Review: some evidence suggests that cognitive behaviour therapy may reduce chest pain in the short term in patients with non-specific chest pain and normal coronary anatomy
Q Are psychological treatments effective for patients with non-specific chest pain and normal coronary anatomy?
Cochrane Review Group Specialised registers (November 2002); Cochrane Library (Issue 3, 2002); Medline (1966–2002); CINAHL (1982–2002); EMBASE/Excerpta Medica (1980–2002); PsycLIT (1887–2002); Biological Abstracts BIOSIS (1980–2002); reference lists of relevant studies and reviews; abstracts from cardiology, psychiatry, and psychiatry conferences; and personal communication with authors.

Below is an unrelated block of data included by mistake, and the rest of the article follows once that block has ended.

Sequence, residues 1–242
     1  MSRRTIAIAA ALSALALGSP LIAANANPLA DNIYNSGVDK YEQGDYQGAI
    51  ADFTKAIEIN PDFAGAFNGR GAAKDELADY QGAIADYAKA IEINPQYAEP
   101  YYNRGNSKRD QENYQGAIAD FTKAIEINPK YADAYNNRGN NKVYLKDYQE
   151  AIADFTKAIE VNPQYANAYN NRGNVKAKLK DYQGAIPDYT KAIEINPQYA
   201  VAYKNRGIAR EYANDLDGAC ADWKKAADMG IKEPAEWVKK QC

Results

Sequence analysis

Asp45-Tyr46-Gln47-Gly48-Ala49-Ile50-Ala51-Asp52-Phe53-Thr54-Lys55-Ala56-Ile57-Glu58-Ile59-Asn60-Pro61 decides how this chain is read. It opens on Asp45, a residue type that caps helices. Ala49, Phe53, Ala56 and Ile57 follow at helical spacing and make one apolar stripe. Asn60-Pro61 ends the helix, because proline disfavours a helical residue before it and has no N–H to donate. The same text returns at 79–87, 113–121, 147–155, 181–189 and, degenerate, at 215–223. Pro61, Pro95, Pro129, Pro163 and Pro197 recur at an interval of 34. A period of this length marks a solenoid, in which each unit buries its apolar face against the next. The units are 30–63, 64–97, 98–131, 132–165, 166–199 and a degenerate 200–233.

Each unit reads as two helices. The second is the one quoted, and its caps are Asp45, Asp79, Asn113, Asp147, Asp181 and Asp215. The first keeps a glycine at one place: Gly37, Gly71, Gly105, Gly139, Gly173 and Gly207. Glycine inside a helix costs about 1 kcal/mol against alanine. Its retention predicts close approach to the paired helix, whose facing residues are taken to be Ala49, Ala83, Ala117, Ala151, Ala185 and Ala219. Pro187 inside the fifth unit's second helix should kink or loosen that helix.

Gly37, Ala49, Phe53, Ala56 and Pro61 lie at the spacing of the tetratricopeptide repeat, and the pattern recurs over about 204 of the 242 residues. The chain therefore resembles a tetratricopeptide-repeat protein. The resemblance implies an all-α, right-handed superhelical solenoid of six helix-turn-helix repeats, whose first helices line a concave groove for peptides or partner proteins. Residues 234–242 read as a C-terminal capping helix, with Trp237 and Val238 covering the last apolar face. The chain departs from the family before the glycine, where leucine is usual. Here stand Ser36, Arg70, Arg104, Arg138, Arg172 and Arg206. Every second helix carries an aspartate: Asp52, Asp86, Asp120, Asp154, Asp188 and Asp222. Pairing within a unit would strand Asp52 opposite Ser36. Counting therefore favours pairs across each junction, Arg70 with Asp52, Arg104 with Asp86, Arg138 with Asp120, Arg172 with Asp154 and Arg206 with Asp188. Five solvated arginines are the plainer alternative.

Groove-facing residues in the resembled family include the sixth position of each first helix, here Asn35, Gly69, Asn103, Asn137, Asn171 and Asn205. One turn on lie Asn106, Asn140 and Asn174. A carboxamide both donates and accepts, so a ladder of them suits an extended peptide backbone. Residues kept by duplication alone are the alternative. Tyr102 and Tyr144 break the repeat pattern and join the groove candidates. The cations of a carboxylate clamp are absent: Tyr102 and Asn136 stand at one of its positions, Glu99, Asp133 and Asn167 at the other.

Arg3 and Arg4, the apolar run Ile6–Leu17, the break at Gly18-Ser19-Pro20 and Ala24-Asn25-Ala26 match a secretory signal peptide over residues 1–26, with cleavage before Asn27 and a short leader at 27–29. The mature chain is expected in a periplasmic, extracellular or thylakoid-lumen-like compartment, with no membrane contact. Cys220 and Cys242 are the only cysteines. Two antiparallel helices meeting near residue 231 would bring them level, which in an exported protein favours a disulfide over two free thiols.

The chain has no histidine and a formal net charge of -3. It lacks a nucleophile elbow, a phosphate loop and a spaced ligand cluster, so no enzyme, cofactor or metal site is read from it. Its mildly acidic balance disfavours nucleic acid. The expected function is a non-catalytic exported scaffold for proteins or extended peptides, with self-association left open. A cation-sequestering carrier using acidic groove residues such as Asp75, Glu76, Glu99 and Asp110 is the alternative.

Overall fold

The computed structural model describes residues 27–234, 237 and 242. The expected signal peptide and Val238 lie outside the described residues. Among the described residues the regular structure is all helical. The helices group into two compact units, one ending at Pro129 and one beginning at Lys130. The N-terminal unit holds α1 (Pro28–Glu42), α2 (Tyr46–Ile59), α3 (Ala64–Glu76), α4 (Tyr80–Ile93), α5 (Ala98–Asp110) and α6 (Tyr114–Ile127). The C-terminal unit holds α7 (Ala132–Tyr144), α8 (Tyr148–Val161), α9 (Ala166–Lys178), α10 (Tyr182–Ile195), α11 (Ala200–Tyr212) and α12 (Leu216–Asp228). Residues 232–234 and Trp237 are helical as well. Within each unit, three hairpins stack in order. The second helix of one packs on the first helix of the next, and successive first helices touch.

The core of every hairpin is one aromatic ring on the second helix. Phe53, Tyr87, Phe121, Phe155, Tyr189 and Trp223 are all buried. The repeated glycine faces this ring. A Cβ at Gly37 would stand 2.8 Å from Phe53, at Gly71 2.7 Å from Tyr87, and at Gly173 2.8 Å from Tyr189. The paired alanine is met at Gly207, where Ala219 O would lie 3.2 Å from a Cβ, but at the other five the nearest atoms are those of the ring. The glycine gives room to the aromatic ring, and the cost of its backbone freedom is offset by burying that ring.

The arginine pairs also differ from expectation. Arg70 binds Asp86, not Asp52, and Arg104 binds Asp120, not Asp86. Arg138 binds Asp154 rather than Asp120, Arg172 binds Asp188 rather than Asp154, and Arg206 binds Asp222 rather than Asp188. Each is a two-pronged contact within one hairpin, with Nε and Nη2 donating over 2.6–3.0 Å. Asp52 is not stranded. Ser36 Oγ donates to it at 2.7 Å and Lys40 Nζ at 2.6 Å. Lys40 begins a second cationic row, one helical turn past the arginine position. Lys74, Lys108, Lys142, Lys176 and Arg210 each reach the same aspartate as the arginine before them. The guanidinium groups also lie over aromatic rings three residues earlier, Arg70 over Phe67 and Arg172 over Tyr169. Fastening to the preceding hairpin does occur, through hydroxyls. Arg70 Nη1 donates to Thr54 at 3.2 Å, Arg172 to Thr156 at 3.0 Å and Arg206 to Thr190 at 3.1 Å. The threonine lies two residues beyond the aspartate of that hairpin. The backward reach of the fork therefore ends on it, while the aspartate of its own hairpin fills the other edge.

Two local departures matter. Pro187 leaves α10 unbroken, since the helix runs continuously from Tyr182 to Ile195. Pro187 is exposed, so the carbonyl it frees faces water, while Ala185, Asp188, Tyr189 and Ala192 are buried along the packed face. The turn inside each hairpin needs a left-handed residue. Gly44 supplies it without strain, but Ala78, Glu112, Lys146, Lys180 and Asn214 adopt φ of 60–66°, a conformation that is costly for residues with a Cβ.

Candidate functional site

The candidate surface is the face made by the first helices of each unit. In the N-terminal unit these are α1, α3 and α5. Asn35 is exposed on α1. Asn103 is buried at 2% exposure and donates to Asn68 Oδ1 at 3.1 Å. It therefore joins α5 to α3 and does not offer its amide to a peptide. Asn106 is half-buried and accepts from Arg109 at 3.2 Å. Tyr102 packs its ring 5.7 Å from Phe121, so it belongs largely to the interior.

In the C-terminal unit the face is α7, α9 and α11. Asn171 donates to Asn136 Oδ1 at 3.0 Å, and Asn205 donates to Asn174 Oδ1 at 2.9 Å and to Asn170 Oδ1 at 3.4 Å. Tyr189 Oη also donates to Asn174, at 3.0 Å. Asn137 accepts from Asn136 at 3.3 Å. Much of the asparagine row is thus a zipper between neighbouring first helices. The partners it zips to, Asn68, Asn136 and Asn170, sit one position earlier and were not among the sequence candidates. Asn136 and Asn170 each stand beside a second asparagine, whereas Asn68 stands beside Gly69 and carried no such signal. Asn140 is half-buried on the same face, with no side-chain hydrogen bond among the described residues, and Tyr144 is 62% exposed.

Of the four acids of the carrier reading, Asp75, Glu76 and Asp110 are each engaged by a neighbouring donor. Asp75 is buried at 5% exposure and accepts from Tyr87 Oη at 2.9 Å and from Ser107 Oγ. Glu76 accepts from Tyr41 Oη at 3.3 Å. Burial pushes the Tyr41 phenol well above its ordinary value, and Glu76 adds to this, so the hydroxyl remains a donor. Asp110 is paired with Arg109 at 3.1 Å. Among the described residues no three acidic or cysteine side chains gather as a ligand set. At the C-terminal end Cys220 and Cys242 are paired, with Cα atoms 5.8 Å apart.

Study selection and assessment:
randomised controlled trials (RCTs) that compared psychological interventions (cognitive behaviour therapy [CBT], relaxation therapy, hyperventilation control, or other psychotherapy, talking, or counselling therapy) with standard care, an attention placebo, or no intervention in patients with non-specific chest pain, atypical chest pain, or syndrome X and normal coronary anatomy. Patients receiving drug treatment for psychiatric disorders were excluded. Individual study quality was assessed based on randomisation, allocation concealment, blinding, and loss to follow up.
significant reduction in chest pain (pain intensity measured by categorical or visual analogue scales; or mean difference in …